Pink Panther the cockatoo loves head scratches, understands French – and is one of around 45 parrots still receiving veterinary care after being taken from a Vancouver Island refuge last winter.

The World Parrot Refuge ran into trouble and shut down after the death of its founder Wendy Huntbatch last February.

Huntbatch, 70, an avid animal rights advocate, opened the refuge in 2005 at Coombs, about 150 kilometres north of Victoria. At one point she had more than 800 parrots under her care.

What followed after the facility closed is believed to be one of the largest bird relocations in Canadian history, with hundreds of parrots being removed from the facility and transferred to various locations on Vancouver Island and throughout Metro Vancouver.

The Greyhaven Exotic Bird Sanctuary, a non-profit society in Surrey, B.C., dedicated to bird conservation, was part of the effort to relocate the parrots, agreeing to take as many birds as they could and find homes for them.

“We heard that things were not good at the refuge and went to see for ourselves and were horrified,” said Jan Robinson, who has volunteered at Greyhaven for the last 15 years.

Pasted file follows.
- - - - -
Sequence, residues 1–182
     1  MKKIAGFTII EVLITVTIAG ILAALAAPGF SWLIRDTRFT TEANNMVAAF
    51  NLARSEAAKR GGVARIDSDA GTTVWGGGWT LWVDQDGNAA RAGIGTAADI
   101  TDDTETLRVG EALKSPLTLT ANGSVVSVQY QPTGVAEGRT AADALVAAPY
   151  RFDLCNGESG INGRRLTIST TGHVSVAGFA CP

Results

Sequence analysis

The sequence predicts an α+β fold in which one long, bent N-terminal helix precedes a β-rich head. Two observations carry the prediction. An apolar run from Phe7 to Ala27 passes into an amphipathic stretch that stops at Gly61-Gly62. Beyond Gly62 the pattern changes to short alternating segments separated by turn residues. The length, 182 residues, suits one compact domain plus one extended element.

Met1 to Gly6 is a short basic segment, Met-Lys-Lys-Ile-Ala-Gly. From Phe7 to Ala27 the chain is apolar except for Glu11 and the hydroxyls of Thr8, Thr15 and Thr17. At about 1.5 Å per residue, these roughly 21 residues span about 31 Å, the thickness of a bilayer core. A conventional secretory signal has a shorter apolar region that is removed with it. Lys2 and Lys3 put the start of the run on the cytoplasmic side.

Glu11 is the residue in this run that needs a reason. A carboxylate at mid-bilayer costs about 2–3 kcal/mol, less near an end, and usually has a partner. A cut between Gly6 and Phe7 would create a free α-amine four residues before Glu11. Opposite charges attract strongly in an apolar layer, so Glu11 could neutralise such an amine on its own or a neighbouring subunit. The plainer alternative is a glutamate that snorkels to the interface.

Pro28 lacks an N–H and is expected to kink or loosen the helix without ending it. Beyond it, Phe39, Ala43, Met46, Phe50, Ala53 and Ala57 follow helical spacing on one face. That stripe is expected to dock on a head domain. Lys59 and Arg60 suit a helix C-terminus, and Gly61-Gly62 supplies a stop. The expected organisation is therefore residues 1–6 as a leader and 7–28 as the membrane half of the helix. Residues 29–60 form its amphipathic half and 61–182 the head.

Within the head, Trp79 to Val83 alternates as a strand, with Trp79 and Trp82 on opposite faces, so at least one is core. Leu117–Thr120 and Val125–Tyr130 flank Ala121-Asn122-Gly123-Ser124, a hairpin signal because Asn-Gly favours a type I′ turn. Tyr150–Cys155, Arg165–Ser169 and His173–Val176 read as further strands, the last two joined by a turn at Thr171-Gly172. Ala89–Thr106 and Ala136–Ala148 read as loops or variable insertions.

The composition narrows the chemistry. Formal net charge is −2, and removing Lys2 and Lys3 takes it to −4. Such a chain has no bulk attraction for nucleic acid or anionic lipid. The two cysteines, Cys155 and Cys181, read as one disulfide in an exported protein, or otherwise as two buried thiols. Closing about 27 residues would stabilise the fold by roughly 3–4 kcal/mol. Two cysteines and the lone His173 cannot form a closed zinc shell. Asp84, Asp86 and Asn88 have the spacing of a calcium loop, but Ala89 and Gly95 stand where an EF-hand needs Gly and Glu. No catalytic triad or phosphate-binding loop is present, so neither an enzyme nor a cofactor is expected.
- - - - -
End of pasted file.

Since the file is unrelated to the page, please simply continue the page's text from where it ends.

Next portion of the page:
“Birds were not being cared for, injured – [there were] a lot of injuries, a lot of obviously ill birds. There were rats everywhere.”

Veterinarian Anne McDonald has spent countless hours providing care to the sick parrots. While a few of the birds have not survived, most have responded well to treatment.

“Some of them need to have an injury repaired or a toe needs to be amputated, some of them are more minor problems, and then some of them are major illness,” McDonald said. 

“We’re paying for food, medical care, caging, and everything else for 500 birds or so at this point, and the costs are incredible," added Robinson.

Another challenge has been finding homes for the more than 400 birds scattered amongst several facilities in Metro Vancouver and Vancouver Island. Parrots have long lifespans, and often live up to 75 years. 

Dozens of birds have already been adopted or reunited with former owners, but there are many that still have nowhere to go. 

Leslie Strawson recently adopted Fernando the bird after learning about the need. 

“It’s just kind of heartbreaking when you hear the stories of what they’ve been through,” he said, petting the green parrot perched on his arm. “[Fernando] is a very, very well-behaved bird.”

Anyone interested in adopting a bird or donating to their care can contact the Greyhaven Exotic Bird Sanctuary here

With files from CTV Vancouver’s Michele Brunoro